Since the creation of Webtrends in 1993, analytics has becamean integral part of websites. In 2005, Google launched Google Analytics. Since then, there have been prolific changes in the way we analyze data. Nowadays, you can’t imagine a website without analytics.
The Power of Data
Collecting more and more data is the key to keep improving your e-business. More data gives more insights, more insights leads to more detailed optimization, and thus more conversions. It’s because of tons of in-depth data why Facebook is earning millions of advertising revenue by offering great level of personalization to it’s advertisers.
Importance of Analytics
Today, the depth of analytics has gone far beyond visits and conversion rates.Google Analytics now gives great insights that can be a fuel to keep optimizing the customer experience and conversion rates.
Below are some easy reports available in Google Analytics, which are very important in order to create a list of actions to optimize the customer experience.
Metrics from Google Analytics which can help improve conversion rates:
All reports in section are important.
What to check for:Have a Regular observation. Especially, check E-commerce reports because that’s where the revenue is coming from.
Action to be taken: With product performance report, you can promote hot selling products on your home page and even in advertising campaigns. You can even bundle other products with highest selling products to upsell. If you know best times for maximum purchases, you can pull off discounts during that time, or provide free shipping during the time of fewer purchases. A funnel visualization report is the most important report for optimization. It’s described below.
This reports come under conversion reports as mentioned above.
A funnel will tell you which pages you need to optimize to improve your conversion rates. E.g., a 30% exit from payment page is an alarm that something is wrong on that page.
What to check for: Check where people are dropping out more than at a normal rate in any part of the funnel.
Action to be taken: Optimize the problem pages for better user engagement. May be you are not carrying an offer like “free shipping” through out the shopping process which might lose users’ trust. Or, asking for too much information on the payment page is making the user insecure and he’s hopping on a competitor’s website. A thorough review of information architecture of the entire process is required here. It can also be a case that some people are landing somewhere in between the funnel, through an advertising campaign or a referral. It might happen that these users might not find an offer on the Landing page, which they saw in the ad.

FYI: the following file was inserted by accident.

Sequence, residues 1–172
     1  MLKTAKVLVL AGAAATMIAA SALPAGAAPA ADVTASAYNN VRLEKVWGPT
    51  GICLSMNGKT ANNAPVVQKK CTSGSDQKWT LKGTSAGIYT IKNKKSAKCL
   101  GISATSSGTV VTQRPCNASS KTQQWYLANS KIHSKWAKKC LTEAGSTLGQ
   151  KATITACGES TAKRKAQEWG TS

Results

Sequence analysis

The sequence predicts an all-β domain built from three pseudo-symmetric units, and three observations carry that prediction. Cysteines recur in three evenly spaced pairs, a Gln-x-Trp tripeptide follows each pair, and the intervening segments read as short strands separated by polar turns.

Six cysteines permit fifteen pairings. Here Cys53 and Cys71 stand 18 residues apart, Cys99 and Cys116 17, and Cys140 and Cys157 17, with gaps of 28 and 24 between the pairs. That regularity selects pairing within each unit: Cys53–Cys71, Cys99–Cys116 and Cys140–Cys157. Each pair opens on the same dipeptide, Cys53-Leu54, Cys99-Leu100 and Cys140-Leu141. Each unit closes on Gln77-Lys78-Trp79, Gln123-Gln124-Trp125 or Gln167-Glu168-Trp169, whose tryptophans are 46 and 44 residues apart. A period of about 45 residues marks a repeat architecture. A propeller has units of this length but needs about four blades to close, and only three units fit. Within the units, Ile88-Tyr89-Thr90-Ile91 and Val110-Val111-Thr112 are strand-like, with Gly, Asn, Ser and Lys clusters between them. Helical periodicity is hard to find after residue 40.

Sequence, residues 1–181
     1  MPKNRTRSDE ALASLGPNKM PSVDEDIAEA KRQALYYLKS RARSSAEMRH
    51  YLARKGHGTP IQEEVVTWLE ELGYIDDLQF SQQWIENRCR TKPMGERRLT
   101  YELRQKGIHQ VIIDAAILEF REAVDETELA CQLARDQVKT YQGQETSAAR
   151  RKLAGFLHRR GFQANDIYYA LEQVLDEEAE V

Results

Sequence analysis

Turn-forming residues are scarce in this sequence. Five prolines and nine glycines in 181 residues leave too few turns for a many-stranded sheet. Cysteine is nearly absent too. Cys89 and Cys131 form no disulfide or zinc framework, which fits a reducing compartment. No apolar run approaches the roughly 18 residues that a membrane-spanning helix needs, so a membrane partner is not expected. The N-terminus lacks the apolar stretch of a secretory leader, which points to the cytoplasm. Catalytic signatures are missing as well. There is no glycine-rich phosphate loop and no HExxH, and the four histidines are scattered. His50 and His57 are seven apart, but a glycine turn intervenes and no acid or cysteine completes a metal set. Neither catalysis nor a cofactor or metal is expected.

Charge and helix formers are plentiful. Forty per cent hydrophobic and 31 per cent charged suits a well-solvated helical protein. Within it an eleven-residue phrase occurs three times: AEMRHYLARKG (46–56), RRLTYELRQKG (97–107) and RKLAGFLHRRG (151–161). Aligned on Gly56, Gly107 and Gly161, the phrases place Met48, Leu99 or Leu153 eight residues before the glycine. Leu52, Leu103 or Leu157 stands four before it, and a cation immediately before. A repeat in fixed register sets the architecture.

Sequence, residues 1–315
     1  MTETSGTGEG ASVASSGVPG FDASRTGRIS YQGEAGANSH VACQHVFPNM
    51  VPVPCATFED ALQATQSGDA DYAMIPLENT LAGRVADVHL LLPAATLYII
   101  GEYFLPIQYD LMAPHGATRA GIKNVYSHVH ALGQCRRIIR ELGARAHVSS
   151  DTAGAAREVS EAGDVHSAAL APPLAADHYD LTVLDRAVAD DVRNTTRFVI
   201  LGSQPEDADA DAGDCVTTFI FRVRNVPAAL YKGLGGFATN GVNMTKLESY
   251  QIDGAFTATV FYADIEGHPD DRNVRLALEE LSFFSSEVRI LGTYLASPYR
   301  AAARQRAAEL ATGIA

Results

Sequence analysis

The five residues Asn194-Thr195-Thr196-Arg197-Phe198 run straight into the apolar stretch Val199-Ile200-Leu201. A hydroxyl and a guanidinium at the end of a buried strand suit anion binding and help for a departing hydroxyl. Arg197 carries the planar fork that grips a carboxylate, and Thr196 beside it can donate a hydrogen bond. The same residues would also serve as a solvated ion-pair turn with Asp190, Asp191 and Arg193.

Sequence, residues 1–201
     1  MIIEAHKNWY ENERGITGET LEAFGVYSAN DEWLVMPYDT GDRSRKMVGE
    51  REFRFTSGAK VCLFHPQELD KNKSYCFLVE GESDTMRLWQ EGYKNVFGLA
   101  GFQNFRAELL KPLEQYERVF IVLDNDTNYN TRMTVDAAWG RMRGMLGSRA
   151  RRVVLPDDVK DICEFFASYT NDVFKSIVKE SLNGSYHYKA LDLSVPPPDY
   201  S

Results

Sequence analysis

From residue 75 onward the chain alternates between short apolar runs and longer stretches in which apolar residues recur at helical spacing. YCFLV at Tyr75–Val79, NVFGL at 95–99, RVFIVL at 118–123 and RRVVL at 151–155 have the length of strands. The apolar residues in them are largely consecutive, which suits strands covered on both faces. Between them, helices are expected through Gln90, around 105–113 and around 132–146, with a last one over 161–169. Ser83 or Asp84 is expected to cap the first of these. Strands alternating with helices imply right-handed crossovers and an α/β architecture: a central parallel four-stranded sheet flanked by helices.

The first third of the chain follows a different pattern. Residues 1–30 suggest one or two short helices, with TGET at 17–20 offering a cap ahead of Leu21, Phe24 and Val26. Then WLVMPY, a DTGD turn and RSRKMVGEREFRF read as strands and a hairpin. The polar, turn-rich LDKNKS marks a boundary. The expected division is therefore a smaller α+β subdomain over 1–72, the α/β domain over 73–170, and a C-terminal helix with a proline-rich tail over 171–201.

SPEED is the king. The increase or decrease in the page load speed will have a direct impact on visits. Keep observing this report. Also observe high traffic pages for load times.
What to check for:Have a benchmark load time, and see if your site is maintaining it.
Action to be taken:When the speed exceeds more than expected load time, it’s time to see recent changes made in the design or code. Sometimes, a small code for an advertising campaign will load heavy content from its server, which might slow your site down. Use tools to check the site speed and optimize the content it reaches a limit you’ve set.
The bounce rate has a direct relation to usability.Users do not get what they were expecting on the page.
What to check for:Look for pages with higher than normal bounce rate to start with.
Action to be taken:Study all the sources of visits on those pages. E.g. PPC. May be users are not able to find on your page what they saw in the end. Observe the relation between keywords searched, your ad content and the landing page. The communication scent should be the same as initiated in the ad. E.g., If you are showing “50% discount” in the ad, then it must be followed on the landing page.
There an be few possible reasons why someone will exit from your page, (not considering standalone pages like “About us”, but the page which are part of a process. i.e. Purchase)
- They didn’t find the relation between the current page and the previous page.
- They are comparing your website with another. May be they observed that you are charging very high shipping rates for a product, which might be available for free shipping.
What to check for:Find pages which have higher exit rates.
Action to be taken:Check all pages that send traffic to “higher exit rate pages”
Not exactly, but it’s closer to heat maps. In-page analytics tells you what’s the user really interested in.
What to check for:Check top clicked links
Action to be taken:Are those links relevant to the activity you want your users to take? E.g., you might find out people clicking a lot on “About us”. That means they are not clear what does your company do. In that case, making the value proposition more clearly on home page would make more people clear about what’s in it for them. They’ll directly proceed to the sections they are interested in, which will eventually decrease bounces and increase conversion rates.
Apart from the reports mentioned above, there’s a scroll tracking script, which we (Tatvic) have written in-house. It’s a unique script made by us (Tatvic), which checks how many people scrolled down.
Action to be taken:Having this script on a home page or a product page would tell you how many people are interested in knowing more about what you offer.
At the end, numbers matter
We use Analytics numbers to derive insights, optimize the customer experience based on them, and monitor the numbers. And we do it again, again. At the end, we want our customers to be happy, buy more, and buy again. The key is, keep optimizing, and make the experience better.